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GI-Digestive Longevity and Age Management

Gut Bacteria Linked to Age-Related Diseases

8 years, 7 months ago

14902  0
Posted on Oct 28, 2015, 6 a.m.

Research on fruit flies shows that reducing bacterial levels in old flies can significantly prolong their lifespan.

New research suggests that treating a leaky gut may promote longevity. Alterations in the intestinal microbiota have been linked with aging and measures of frailty in the elderly. To investigate this Dr Rebecca Clark, a UCLA postdoctoral scholar when the research was conducted and now a lecturer at Durham University (England), and colleagues analysed the gut bacteria of more than 10,000 female fruit flies, to see if their microbiota had any impact upon lifespan – previous research by the same group had revealed that fruit flies develop a leaky gut five or six days before they die. Study results showed that the scientists were able to detect changes in the intestinal microbiota, characterized by an expansion of the Gammaproteobacteria, which occurred just prior to the development of leaky gut. The researchers then went on to show that it is possible to reduce bacterial levels in the intestine and prevent the flies from developing leaky gut by treating them with antibiotics. Results also revealed that using antibiotics to reduce bacterial levels can significantly prolong the flies lifespan. Flies treated with antibiotics as soon as changes in their microbiota were detected lived for an average of 20 days, whereas untreated flies with leaky intestines died within a week. "The health of the intestine – In particular the maintenance of the barrier protecting the rest of the body from the contents of the gut – is very important and might break down with aging," said Dr Clark.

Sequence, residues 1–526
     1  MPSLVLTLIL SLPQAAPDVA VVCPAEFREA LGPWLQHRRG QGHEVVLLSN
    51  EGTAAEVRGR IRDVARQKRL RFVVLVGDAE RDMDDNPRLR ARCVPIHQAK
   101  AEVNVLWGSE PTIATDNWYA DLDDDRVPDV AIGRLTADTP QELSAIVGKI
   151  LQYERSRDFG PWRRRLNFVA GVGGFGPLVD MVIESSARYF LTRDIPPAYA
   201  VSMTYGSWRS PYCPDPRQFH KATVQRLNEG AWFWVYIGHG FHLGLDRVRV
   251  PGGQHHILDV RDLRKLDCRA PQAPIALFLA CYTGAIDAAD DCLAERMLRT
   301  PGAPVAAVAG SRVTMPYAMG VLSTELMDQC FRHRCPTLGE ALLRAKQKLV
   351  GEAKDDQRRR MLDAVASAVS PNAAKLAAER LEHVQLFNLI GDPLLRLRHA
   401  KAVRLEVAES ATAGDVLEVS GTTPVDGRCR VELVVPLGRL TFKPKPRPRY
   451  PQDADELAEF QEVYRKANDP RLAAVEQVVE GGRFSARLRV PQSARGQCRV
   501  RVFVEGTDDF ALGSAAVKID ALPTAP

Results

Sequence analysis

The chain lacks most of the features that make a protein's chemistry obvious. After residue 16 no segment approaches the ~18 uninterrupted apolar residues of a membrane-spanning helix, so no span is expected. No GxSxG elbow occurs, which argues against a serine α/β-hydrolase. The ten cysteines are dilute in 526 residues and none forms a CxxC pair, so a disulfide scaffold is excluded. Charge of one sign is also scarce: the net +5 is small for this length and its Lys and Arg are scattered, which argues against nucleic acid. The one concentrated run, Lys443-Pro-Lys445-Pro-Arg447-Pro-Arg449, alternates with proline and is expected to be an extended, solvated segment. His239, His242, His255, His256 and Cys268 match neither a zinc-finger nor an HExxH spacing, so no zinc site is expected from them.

Clark RI, Salazar A, Yamada R, et al. Distinct shifts in microbiota composition during drosophila aging impair intestinal function and drive mortality. Cell Rep. 2015;12:1656-1667.

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